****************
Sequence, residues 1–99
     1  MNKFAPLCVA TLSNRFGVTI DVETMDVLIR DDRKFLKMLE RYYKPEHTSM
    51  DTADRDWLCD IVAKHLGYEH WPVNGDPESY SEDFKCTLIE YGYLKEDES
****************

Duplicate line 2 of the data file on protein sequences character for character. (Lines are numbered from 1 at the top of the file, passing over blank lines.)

     1  MNKFAPLCVA TLSNRFGVTI DVETMDVLIR DDRKFLKMLE RYYKPEHTSM